U.S. Water News Online
NORFOLK, Va. -- The two-year drought has improved water
quality and clarity in the Chesapeake Bay by reducing muddy runoff
from city streets, lawns and development sites.
The clear water has allowed sea grasses to flourish. Scientists
report that the grasses, which breathe oxygen into the bay and
provide shelter for fish a nd blue crabs, increased by 16,000 acres
last year, the biggest growth spurt since 1978, when such trends
first were measured.
The middle part of the bay, especially, saw a huge spike. In areas
around Tangier Island and Smith Island, two commercial fishing meccas
on the Virginia-Maryland line, grasses increased by 49 percent
between 2000 and 2001.
Other significant gains in Virginia waters occurred at the mouth
of the James River, the upper and lower Rappahannock River, and the
Piankatank River on the Middle Peninsula, surveys indicated.
The resurgence of grasses ``shows how Mother Nature can repair
herself if we give her half a chance,'' Environmental Protection
Agency Administrator Christine Whitman said in presenting the
Virginia's Secretary of Natural Resources, W. Tayloe Murphy Jr.,
said the environmental benefits of the drought illustrate how
important controlling land-based pollution is for the health of the
He said government has done a good job curbing pollution from
industries, s hipyards and sewage treatment plants, which all pipe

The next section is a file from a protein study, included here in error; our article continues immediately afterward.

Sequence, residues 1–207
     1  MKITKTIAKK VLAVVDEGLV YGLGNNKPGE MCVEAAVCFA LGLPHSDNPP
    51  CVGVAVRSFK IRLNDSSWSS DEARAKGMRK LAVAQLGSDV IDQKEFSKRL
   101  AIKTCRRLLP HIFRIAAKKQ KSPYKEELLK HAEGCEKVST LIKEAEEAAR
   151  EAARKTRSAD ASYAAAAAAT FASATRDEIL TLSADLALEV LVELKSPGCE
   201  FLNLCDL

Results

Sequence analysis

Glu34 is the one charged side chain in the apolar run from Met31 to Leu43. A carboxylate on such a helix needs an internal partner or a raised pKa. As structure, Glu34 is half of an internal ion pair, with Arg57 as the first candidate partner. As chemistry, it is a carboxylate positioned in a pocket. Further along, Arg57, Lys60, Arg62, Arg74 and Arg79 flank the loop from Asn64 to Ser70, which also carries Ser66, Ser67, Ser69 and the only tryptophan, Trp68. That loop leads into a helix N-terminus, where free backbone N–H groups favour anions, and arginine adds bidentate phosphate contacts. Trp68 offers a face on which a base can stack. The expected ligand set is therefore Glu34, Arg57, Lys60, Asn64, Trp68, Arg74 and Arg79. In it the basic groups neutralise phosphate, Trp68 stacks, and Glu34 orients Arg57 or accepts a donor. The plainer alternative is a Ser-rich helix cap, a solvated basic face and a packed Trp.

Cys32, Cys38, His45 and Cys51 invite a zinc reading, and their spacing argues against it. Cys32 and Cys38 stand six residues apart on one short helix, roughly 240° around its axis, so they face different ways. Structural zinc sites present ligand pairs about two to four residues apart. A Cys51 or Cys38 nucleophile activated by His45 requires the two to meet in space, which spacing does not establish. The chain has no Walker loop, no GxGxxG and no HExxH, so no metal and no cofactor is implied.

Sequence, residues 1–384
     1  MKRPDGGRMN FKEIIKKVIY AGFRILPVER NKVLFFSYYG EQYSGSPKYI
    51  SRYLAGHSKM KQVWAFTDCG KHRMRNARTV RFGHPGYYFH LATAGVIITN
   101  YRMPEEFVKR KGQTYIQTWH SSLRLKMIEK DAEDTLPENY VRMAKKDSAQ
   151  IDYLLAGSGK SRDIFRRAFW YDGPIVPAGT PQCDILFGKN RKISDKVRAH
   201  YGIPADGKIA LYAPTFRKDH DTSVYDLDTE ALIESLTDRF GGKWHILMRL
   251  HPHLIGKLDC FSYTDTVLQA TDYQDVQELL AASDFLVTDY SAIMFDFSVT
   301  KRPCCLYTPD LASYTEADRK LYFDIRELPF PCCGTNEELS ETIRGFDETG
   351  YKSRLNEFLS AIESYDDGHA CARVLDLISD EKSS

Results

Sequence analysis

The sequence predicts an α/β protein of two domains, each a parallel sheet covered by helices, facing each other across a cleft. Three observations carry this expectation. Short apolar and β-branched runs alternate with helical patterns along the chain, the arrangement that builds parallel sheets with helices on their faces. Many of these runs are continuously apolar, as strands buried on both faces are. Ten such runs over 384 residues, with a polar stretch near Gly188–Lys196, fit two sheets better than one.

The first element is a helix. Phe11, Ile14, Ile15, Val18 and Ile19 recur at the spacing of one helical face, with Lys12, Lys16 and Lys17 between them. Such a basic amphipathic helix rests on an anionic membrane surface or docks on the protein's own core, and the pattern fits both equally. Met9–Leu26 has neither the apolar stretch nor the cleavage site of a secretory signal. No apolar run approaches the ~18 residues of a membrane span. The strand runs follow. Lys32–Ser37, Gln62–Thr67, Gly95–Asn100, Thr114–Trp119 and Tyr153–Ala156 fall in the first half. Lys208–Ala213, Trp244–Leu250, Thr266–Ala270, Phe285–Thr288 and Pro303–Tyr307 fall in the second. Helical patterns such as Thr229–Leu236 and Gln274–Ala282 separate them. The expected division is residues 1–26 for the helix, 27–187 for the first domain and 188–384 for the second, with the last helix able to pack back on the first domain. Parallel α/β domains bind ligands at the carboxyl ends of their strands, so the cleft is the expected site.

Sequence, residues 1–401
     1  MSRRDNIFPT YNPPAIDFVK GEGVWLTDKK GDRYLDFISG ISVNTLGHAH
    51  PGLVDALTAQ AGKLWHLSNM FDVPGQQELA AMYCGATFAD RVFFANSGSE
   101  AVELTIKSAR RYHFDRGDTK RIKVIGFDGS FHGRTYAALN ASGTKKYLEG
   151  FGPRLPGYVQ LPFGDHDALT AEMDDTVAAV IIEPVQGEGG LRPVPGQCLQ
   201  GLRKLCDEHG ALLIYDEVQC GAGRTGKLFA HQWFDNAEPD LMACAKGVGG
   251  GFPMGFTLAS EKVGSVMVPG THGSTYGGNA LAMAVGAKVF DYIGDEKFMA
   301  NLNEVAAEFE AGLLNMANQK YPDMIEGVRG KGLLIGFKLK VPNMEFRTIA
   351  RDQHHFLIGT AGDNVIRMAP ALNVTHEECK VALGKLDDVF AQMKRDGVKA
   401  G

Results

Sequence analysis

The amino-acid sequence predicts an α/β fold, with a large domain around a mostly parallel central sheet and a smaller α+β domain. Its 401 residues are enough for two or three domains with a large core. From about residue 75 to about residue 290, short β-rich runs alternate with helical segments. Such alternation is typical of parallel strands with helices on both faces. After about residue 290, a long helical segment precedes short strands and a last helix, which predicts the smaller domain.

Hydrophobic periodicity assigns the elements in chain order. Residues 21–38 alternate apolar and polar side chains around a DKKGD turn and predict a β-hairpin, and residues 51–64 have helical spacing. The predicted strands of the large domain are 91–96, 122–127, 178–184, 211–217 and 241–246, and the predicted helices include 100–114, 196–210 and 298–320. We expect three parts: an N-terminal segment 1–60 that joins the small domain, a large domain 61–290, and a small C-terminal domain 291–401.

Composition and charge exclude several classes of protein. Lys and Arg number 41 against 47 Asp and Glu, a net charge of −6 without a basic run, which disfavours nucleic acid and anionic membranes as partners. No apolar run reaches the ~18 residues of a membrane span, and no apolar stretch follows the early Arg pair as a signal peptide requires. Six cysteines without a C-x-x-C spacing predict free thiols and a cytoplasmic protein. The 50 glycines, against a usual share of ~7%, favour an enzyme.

their wastes directly into waterways that feed the bay.
The big challenge today, he said, is getting a handle on indirect
pollution from farm fields, parking lots, construction sites, streets
and storm drains.
Scant rainfall also has meant fewer nutrients, chiefly, nitrogen
and phosphorus, washing into the bay. Excessive nutrients cause algae
blooms, which can steal oxygen from water, smother underwater plants
and kill fish.
All is not so sunny, however. Ecologically, the drought has its
Less rain has meant an increase in salinity. And this has
increased the incidence of two diseases, MSX and Dermo, that kill
Both diseases thrive in saltier waters, and officials and watermen
are predicting one of the worst oyster harvests in history this
winter, especially in Virginia where the lower bay is saltier already
because of its proximity to the ocean.
Overall, the bay's submerged grass beds increased from 69,126
acres in 2000 to 85,252 acres last year, according to federal
The bay used to support an estimated 600,000 acres of underwater
grasses, encompassing 16 different plant species. By 1983, aerial
surveys documented about 38,000 acres left.
State and federal leaders attempting to clean up the bay set a
goal in 2000 of 114,000 acres as a first step toward recovery.
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